could be bought so cheaply! I also took him to an electonics scrap yard
that is owned by a friend of mine. He walked out of there with THREE old
HP 54100 color scopes! My friend took pity on him and only charged him what
he thought that the scopes were worth in scrap value, $35. My neighbor
later told me that he got two of the three scopes completely working just
by disassembling and cleaning the tiny mechanical attenuator switchs in
them. But on the way out of the scrap yard, I looked over at one of the
scrap baskets and spotted an old Lambda power suply. I can't tell you what
model it was but it was a heavily built linear supply with dual analog
meters on the front and it had variable voltage and variable current
limiting and went to about 30 VDC. It had been sitting in the scrap yard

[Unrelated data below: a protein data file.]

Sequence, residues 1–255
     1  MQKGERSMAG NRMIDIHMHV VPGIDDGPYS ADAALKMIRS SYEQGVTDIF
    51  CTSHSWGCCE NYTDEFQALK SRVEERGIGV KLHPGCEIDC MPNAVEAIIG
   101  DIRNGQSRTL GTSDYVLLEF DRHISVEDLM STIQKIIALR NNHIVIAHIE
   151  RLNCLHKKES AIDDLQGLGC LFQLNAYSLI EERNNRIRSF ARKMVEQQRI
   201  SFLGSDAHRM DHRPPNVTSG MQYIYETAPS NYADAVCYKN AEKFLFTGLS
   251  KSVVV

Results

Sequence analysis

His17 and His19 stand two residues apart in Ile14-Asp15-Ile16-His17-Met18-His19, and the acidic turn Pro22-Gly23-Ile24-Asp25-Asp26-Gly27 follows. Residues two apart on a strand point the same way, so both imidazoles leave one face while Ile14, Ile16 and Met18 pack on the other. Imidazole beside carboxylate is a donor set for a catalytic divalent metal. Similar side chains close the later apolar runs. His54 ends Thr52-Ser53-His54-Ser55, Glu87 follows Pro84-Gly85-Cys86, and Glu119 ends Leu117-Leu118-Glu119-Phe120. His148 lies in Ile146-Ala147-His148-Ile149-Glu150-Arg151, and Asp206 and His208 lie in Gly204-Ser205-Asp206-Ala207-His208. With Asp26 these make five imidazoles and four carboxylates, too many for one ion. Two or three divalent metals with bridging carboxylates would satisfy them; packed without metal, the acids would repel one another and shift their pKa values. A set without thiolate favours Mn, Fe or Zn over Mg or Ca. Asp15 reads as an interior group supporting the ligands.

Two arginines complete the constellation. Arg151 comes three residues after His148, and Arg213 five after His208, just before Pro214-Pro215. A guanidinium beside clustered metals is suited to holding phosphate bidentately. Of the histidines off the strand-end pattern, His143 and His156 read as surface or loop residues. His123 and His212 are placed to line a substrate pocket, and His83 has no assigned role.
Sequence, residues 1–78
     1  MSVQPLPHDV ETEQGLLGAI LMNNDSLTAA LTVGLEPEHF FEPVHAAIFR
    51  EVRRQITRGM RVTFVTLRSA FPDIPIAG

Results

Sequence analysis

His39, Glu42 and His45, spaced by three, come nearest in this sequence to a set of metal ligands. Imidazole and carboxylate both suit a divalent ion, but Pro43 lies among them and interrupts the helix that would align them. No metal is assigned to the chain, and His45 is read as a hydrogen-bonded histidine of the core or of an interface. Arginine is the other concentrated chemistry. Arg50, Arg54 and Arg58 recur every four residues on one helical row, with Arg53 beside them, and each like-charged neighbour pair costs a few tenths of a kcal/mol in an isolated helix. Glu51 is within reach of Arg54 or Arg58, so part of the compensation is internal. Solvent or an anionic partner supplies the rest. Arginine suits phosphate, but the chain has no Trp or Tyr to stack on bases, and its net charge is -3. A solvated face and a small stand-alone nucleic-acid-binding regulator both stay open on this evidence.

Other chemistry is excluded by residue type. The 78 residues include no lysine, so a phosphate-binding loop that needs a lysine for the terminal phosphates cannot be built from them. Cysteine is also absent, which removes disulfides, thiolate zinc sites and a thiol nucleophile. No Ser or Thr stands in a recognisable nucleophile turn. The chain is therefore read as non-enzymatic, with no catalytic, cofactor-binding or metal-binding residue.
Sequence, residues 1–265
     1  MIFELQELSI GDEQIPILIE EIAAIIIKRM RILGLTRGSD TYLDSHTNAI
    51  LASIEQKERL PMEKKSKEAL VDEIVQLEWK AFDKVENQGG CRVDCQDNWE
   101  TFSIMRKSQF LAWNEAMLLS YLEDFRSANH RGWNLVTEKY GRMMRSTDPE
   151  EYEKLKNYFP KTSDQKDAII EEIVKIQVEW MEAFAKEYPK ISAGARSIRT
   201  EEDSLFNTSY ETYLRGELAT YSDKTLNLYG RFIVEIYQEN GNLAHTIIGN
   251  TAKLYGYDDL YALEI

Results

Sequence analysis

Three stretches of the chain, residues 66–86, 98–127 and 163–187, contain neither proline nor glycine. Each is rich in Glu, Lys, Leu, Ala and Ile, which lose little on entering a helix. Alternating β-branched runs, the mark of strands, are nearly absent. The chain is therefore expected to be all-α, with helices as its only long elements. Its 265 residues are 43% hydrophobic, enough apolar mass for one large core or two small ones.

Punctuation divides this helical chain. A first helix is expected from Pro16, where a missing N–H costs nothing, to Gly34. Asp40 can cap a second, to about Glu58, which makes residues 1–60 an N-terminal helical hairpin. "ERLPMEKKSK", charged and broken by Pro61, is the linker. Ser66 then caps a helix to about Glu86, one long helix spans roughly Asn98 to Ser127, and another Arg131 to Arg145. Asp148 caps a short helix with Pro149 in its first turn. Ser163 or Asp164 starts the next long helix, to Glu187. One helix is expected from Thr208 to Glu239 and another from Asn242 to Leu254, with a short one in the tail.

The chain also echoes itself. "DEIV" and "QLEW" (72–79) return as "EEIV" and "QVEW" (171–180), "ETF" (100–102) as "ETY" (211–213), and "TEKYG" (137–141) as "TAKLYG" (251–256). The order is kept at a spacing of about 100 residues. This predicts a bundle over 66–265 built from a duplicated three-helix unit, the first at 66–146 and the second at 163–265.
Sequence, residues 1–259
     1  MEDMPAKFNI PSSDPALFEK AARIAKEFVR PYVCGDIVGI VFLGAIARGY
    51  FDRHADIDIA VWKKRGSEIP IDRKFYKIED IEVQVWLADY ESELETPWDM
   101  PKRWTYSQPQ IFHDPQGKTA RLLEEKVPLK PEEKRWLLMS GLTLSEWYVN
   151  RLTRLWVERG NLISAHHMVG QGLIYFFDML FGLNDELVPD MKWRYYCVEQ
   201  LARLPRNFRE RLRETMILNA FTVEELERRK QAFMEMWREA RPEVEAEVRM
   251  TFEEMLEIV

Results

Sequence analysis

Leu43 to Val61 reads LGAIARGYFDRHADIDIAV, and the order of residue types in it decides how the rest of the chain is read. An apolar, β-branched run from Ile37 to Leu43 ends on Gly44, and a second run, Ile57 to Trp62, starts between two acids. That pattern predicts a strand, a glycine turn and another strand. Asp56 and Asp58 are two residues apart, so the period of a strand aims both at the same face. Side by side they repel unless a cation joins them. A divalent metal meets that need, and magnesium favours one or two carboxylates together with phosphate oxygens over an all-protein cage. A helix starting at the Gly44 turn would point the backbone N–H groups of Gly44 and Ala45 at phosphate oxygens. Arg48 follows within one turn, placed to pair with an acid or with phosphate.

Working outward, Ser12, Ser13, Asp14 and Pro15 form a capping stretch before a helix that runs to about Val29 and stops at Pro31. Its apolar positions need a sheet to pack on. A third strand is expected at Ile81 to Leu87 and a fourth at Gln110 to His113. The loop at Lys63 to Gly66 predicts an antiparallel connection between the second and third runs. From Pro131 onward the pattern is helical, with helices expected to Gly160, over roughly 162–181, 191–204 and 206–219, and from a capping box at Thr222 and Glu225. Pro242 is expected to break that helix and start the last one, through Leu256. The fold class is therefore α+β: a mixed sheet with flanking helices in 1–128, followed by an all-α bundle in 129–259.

for MONTHs and was nasty looking but I pointed it out to him and said
"Here. This is what you need for your projects." He took one look at it and
thought that I was joking and that it would never work.I But I told him
that I was serious and that I would BET that it worked. He carried it home
and later that day he called me and in an amazed voice that "It works!".
He graduated several years ago and moved away but we still talk
occasinonally and just a few months ago he told me that he is STILL using
that PS and that it is still working fine. In my experience, I don't think
that I've ever found or seen a Lambda PS that didn't work!

On Sat, May 1, 2021 at 10:28 PM Harvey White <madyn@dragonworks.info> wrote:

What would you consider good power supplies given what you've said?

Harvey


On 5/1/2021 9:37 PM, - wrote:
> "Be worth obtaining an adjustable power supply if you plan on doing many
> board repairs. Why risk damaging boards?"
>